It has been just over 6 months since The Principles of Beautiful Webdesign hit the shelves and the feedback has been overwhelmingly positive. Even as I was revising the final chapter back in October/November, I had no idea how well it would be received. After four printings, over 50 feedback emails, and a plethora (yes, a plethora) of great reviews, I can safely say that people like it. To me, that alone makes all the work worthwhile. Many thanks to Sitepoint for giving me the opportunity, my wife who kept me on task and motivated, and all the people who have taken the time to write a review. Here’s a list of some of the reviews that you won’t find on the Amazon or Sitepoint product pages:
- 465 Berea Street
- Ask Manny Hernandez
- Anne Kowalski
- Blogcritics Magazine
- Blue Lime Media
- Creative Keys
- Draiocht Web Design
- Drawing On The Web
- James Booker
- James Pyles from MCSE World Forum
- Mitch Wheat
- Monday By Noon
- Nate Klaiber
- New York Stringer
- Stevens Media
- Teamunited Web Design
- Technology for Humans
- The Coding Humanist
- Visual Gui
- Web in Mind
- Web Teacher
6 comments on “Principles of Beautiful Web Design”
Personally, I loved the book. I’ve read it about 4 times and every now and then I flick through it for inspiration. I’ve recently started my personal site and compared to the ones pre-read, it looks great. Thanks and congrats on the great feedback.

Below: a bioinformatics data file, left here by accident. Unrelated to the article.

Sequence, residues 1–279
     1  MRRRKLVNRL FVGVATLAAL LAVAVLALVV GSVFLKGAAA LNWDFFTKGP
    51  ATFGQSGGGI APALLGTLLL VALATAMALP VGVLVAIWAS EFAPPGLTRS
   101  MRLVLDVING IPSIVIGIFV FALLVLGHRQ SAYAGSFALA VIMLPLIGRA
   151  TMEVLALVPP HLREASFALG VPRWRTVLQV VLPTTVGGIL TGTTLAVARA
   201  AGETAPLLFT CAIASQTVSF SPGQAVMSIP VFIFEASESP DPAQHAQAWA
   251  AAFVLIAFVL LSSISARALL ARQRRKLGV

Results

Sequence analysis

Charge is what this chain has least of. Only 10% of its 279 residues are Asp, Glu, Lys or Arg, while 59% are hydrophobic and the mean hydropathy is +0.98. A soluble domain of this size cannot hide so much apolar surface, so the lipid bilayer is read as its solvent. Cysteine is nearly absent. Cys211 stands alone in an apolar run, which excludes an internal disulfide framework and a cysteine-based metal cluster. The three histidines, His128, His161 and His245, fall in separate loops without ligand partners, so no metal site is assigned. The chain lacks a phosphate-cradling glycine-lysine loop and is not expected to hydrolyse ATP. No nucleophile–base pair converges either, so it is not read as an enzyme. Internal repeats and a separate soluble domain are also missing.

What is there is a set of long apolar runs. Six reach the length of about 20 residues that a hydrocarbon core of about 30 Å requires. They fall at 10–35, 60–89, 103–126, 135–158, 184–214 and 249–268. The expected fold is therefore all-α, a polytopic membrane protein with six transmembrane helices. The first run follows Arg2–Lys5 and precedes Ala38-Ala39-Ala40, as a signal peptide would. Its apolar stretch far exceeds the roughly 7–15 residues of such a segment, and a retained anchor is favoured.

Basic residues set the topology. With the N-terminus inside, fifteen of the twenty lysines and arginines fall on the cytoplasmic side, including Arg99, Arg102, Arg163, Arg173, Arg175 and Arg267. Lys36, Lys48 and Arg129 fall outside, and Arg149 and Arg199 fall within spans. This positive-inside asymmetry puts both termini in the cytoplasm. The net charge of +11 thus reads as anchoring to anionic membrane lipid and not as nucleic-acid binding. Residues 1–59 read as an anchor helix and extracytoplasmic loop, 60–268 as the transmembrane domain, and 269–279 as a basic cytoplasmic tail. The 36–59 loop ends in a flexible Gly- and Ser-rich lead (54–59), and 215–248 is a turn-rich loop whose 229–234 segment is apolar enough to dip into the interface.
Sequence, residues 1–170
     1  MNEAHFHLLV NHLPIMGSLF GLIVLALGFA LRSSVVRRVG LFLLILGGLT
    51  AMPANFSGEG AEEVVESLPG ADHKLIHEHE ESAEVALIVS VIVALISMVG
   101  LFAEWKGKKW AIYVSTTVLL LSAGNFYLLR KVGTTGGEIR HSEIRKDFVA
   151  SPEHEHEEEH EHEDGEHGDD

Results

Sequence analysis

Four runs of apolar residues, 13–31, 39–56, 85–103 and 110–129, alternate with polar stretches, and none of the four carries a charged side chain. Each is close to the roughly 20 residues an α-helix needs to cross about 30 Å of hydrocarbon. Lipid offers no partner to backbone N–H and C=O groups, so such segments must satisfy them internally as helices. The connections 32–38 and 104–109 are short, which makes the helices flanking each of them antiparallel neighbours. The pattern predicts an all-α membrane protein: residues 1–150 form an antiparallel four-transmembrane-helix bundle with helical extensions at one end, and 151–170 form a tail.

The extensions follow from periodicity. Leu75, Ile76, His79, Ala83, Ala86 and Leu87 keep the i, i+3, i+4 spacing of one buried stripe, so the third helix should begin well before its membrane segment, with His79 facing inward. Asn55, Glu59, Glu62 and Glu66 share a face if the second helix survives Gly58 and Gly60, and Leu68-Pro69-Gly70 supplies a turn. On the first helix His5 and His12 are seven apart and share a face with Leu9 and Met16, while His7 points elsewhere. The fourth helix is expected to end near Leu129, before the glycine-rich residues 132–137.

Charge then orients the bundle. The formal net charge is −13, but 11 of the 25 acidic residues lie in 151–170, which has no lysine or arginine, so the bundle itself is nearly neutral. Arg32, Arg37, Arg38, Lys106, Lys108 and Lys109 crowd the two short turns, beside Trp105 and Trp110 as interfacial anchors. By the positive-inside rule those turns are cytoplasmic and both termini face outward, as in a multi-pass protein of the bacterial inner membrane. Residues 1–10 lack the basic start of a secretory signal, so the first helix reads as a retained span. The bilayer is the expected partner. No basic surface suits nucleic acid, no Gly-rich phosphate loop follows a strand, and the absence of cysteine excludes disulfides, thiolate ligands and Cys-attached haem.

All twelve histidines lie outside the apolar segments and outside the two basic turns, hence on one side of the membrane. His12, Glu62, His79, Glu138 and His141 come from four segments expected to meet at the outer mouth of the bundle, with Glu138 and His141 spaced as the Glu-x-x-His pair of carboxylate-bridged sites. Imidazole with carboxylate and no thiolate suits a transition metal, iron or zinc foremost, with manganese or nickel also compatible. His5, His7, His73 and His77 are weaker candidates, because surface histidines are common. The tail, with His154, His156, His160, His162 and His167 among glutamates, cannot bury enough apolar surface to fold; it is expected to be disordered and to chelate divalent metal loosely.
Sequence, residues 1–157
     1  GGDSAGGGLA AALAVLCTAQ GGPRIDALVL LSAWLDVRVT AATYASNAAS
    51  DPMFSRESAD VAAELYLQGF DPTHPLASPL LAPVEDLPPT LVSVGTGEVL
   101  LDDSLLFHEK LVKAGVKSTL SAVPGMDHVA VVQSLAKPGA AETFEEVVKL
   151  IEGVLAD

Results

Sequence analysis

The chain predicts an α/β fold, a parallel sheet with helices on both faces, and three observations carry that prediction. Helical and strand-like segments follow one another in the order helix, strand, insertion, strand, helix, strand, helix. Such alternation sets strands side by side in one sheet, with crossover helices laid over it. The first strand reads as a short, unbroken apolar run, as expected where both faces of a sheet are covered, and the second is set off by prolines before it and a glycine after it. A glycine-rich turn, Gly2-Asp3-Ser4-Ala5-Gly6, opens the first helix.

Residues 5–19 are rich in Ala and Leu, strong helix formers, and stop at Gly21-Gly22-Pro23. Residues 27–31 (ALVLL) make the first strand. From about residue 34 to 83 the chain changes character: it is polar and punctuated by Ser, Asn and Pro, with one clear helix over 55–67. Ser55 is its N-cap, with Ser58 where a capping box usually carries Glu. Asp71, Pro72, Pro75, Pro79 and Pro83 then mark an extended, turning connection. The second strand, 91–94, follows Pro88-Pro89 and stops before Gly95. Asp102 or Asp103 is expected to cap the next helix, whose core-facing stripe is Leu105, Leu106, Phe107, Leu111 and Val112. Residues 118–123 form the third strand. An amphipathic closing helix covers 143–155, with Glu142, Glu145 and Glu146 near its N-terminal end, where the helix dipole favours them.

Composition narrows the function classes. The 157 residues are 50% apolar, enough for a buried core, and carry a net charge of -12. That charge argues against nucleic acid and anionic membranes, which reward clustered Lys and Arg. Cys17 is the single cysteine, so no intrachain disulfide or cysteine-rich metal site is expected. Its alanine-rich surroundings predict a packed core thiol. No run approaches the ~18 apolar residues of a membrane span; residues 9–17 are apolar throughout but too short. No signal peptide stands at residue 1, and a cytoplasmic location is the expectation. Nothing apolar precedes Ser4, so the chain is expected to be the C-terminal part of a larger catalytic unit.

Great book. I was checking out your website and it appears to me that when I validate it for XHTML it returns about 15 errors on “line 50”. Please do look into it.
Amey Pai, you are a jerk. No way around it. You just ran Jason’s web site through a validator, and didn’t even bother to look at the error result. Had you taken the 5 seconds it requires to look at the source code and see where the error lies, you would have seen that the error is the result of the contents of the URL for the link to Jason’s book. There’s not much one can do to fix said error.
It’s pretty impressive that the site only has one error. In everyday web design, compromises are constantly made in favor of getting things done over being 100% syntactically correct. So, congratulations Jason, you’ve not only written a fantastic book, but you’re web site doesn’t seem to have any major xhtml errors.
I wouldn’t go so far as calling people names, but I appreciate that you’ve got my back, Brian. Honestly, I ignored that comment on Saturday because escaping ampersands in a single url is a trivial matter as far as validation errors go. As trivial as it is though, I feel a responsibility to follow best practices and I fixed the error.
To those of you who are hell-bent on making every character of every page you create validate, take a few minutes and read Mike Davidson’s classic post:
March to Your Own Standard
Looking through Google Analytics I was wondering what all these clicks from jasongraphix were about. Thanks for the link 🙂
I wish I could spend a year just looking over the shoulder of designers to how and why they make the decisions they do. You’re book was the next best thing.
Any plans on another?
Name calling is a bit far to go. I was just a bit fustrated b/c it’s not that hard to view source and see where the error came from took me couple of minutes to figure out the source of the problem.